Photo: Max Planck Society website.
Companies in the Max Planck Innovation investment portfolio raised over 225 million euros in venture capital in various financing rounds in 2022. In 2021, this figure was still around 100 million euros, and around 80 million euros the year before. Max Planck Innovation's investment portfolio currently comprises 36 open or virtual investments in spin-offs that are largely based on research results from the Max Planck Institutes.
The financing volume in 2022 increased primarily due to very large financing rounds of the biotechnology start-ups Dewpoint Therapeutics and Bionaut. These two companies alone raised approx. 180 million euros of the total investment capital. Both companies are headquartered in the USA. Dewpoint Therapeutics applies the latest findings on biomolecular condensates to drug research, for example in the field of cancer. The company employs scientists at its sites in Boston, Dresden, and Frankfurt. Dewpoint Therapeutics is using the USD 150 million raised in a Series C to advance several pipeline programmes to IND (Investigational New Drug Application) and to further invest in its biology platform.
Micro-robots for medicine
Bionaut is based in Los Angeles and develops remote-controlled micro-robots capable of delivering drugs to hard-to-reach disease areas (e.g. the brain). The $43 million raised in a Series B financing will be used, among other things, to advance the clinical development of the company's lead programmes against malignant glioma brain tumours and Dandy-Walker syndrome. "Financing rounds of this magnitude are not a matter of course for our portfolio. The exceptionally high inflow of capital is a combination of several factors: Dewpoint Therapeutics and Bionaut with the highest financing volumes are located in the venture capital-friendly USA, among other places, and most of the other larger investments are also financing-intensive start-ups in the life sciences or energy sectors with a very attractive profile," explains Ulrich Mahr, member of the Max Planck Innovation Executive Board responsible for the spin-off area.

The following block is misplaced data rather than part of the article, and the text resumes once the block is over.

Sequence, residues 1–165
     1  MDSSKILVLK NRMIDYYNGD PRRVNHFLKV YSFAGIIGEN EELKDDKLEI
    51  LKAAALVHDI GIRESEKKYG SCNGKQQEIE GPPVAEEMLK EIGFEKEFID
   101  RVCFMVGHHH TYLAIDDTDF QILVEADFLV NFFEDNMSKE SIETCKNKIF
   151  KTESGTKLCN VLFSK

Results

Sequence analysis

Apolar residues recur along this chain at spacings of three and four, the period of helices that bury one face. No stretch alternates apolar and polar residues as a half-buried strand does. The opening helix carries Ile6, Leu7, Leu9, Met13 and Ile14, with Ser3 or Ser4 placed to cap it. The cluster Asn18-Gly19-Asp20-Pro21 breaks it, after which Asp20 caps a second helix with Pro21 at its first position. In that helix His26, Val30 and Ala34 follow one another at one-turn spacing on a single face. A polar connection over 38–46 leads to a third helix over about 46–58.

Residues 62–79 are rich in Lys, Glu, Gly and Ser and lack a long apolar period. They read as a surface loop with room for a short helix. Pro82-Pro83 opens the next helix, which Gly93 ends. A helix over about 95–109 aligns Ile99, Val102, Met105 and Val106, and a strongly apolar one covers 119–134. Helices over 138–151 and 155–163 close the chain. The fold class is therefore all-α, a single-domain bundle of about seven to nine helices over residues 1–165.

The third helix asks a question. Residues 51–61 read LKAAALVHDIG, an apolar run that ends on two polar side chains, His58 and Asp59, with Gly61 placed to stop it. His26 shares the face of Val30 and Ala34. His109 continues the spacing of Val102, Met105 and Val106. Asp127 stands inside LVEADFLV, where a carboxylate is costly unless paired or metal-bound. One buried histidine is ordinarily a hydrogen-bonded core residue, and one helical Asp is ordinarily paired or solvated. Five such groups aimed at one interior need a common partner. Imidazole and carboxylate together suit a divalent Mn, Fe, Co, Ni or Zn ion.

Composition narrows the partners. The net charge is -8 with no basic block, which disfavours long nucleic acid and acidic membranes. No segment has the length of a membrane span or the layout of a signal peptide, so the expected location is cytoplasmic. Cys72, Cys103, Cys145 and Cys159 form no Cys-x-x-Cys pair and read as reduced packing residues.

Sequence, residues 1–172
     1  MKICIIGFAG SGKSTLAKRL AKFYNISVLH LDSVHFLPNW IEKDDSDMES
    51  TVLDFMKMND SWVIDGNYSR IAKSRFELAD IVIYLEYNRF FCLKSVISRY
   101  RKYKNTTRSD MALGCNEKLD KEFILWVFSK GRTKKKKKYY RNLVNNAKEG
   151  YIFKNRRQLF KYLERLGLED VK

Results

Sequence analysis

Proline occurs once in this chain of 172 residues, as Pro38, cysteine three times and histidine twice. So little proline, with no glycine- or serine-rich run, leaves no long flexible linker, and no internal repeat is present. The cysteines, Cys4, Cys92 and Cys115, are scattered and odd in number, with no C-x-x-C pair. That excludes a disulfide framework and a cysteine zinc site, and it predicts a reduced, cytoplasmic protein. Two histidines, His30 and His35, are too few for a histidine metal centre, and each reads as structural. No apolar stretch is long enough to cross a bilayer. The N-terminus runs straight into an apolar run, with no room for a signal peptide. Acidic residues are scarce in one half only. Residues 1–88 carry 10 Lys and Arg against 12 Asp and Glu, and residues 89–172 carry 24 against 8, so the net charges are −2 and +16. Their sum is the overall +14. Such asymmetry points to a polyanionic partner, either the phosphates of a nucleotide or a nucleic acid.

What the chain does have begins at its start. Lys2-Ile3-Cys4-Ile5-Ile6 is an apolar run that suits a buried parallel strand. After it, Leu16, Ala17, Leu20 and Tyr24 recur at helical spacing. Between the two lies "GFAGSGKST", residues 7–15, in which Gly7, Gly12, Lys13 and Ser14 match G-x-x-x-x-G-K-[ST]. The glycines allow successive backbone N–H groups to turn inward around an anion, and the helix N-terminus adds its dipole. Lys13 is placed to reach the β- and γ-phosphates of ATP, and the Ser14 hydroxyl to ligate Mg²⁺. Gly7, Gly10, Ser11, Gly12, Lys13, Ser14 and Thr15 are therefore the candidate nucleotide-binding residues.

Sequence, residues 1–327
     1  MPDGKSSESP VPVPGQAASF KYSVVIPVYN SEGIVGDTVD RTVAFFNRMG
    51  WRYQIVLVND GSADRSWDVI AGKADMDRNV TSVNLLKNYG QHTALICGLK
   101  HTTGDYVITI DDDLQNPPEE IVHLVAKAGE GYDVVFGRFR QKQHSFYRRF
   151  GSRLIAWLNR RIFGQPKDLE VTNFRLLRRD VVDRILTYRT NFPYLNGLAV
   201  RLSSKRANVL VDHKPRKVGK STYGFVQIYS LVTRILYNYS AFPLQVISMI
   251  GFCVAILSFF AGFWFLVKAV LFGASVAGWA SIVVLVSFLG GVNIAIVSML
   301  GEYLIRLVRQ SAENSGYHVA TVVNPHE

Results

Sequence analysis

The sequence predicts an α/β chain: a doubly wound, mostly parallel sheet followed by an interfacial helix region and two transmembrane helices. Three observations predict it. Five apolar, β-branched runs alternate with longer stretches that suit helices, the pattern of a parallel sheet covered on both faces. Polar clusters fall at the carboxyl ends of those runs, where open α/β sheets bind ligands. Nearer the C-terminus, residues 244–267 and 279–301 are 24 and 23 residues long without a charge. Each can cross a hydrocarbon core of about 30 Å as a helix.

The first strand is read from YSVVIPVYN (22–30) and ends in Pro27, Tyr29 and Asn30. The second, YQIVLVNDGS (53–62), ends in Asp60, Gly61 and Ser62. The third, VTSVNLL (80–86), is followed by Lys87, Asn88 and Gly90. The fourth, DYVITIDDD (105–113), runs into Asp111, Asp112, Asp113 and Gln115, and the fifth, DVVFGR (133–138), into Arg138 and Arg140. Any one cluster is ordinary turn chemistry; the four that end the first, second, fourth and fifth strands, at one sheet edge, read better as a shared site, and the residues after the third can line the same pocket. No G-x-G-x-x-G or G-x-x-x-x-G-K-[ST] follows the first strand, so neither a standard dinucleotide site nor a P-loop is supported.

Support from Max Planck Innnovation
In addition to the MAX!mize incubation programme launched in 2022, this area also includes start-up and portfolio management, in which Max Planck researchers interested in founding a company are supported by dedicated start-up managers on all relevant topics and in all phases of the start-up life cycle. Initially, in the development and validation of a viable business model and business plan, as well as in the acquisition of funding for the pre-seed phase. In later phases, Max Planck Innovation provides strategic advice to investee companies within the framework of portfolio management (partly in an advisory board function) as well as in the coordination and implementation of follow-up financing or a company sale.
The financing rounds of the two start-ups Dewpoint Therapeutics and Bionaut are examples of such follow-on financing. At this late stage of maturity, start-ups have often already proven that they are ready for success on a larger scale. Additional funding is needed, for example, for the expansion of the product range and expansion or for necessary clinical studies. Early-stage companies, on the other hand, often need capital for company building and product development.
More efficient batteries
An example of larger early-stage financing in the Max Planck Innovation portfolio in 2022 is the company Batene from Wendlingen. "Max Planck Innovation is a valuable sparring partner for us as a young company. The start-up and portfolio managers provided us with enormous support during the foundation and financing round as well as during the negotiation of the shareholder structure among investors, thus creating the best conditions for the further expansion of the company," says Managing Director Thanh Nguyen T.D. of the start-up Batene.
Based on patented knowledge of the Max Planck Institute for Medical Research, the company makes lithium-ion batteries lighter and more efficient. An innovative "fleece technology", in which metallic fibres are processed into a dense, extremely conductive metal mesh and filled with the respective active material of the anode and cathode, increases the energy density of lithium-ion batteries and enables faster charging cycles. To further develop the technology, bring it to market and build up larger production capacities, the company raised €10 million in financing in 2022.
This article was first published on 17 March by Max Planck Society.